Formula Can Be Pricey. How Can I Save Money?
Just as you may do already for your groceries and other baby supplies, shop around for the best deals on the formula you've chosen:
- Take advantage of the free samples and coupons sent to you in the first few months after you deliver.
- Clip coupons and sign up for online coupon clubs and apps that let you print and save coupons.
- Sign up for formula companies' clubs and special programs (through the mail or online) that may offer discounts, coupons, and/or free formula and other products.
- Compare prices on formula at online retailers. Some online stores have special "mom" clubs that let you save regularly on some products every month.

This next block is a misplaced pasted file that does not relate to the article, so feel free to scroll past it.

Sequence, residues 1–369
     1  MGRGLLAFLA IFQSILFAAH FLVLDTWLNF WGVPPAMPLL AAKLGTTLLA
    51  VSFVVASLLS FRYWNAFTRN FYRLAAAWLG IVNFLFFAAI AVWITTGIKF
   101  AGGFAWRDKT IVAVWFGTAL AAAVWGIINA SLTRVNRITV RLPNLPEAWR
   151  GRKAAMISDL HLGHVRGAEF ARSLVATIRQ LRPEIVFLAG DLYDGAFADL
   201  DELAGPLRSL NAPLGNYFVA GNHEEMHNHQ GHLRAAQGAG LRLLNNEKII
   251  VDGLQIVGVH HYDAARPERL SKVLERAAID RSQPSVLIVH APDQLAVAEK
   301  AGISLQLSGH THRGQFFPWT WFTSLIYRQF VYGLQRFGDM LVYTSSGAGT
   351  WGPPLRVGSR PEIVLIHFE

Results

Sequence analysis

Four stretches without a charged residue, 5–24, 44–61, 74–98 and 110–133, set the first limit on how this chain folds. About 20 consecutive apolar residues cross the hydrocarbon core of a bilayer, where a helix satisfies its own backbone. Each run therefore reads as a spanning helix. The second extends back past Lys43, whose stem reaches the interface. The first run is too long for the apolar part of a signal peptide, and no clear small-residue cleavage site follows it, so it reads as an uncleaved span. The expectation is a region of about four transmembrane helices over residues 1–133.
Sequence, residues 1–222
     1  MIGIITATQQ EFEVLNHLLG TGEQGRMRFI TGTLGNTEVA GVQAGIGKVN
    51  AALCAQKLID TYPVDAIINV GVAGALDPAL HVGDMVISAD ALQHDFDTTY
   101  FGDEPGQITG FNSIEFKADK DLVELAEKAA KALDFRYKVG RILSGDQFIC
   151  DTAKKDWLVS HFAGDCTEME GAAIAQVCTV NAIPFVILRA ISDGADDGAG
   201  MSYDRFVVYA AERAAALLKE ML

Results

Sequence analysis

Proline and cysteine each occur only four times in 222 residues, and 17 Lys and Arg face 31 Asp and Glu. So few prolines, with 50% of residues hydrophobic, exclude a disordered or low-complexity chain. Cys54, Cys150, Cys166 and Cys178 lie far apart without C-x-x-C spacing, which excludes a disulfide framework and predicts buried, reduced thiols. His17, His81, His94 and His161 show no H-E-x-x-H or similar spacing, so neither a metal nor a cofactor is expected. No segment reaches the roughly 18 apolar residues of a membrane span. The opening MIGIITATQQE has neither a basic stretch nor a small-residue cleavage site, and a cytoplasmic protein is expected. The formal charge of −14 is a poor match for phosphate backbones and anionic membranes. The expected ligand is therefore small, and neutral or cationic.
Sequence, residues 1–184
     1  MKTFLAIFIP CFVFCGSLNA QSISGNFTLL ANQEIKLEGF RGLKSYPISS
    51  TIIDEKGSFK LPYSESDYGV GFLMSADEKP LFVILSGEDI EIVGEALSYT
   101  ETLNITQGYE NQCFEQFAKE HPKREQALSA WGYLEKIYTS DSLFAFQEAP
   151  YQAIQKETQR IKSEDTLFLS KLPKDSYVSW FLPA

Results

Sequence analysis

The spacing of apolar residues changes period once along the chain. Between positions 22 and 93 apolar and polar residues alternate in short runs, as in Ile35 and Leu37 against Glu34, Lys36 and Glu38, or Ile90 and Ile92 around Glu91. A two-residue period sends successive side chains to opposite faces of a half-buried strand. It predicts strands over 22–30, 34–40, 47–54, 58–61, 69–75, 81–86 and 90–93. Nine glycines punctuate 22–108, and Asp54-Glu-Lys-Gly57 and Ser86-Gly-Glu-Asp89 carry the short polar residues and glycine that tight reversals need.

- Check for specials at your grocery store, baby store retailer, or local wholesale/bulk items store.
I Need Help Paying for Formula. Where Can I Get Help?
If you cannot afford formula, talk to you doctor or call 211 to help you find local resources. Do not water down formula. You and your family may be eligible for assistance through:
- Feeding Your Newborn
- Feeding Your 1- to 3-Month-Old
- Formula Feeding FAQs: Preparation and Storage
- Breastfeeding vs. Formula Feeding
- Formula Feeding FAQs: How Much and How Often
- Formula Feeding FAQs: Getting Started
- Milk Allergy in Infants
- Burping Your Baby
- Pregnancy Center
- Feeding Your 4- to 7-Month-Old
- Feeding Your 8- to 12-Month-Old
- How to Bottle-Feed Your Baby (Video)
Note: All information is for educational purposes only. For specific medical advice, diagnoses, and treatment, consult your doctor.
© 1995- KidsHealth® All rights reserved.
Images provided by The Nemours Foundation, iStock, Getty Images, Veer, Shutterstock, and Clipart.com.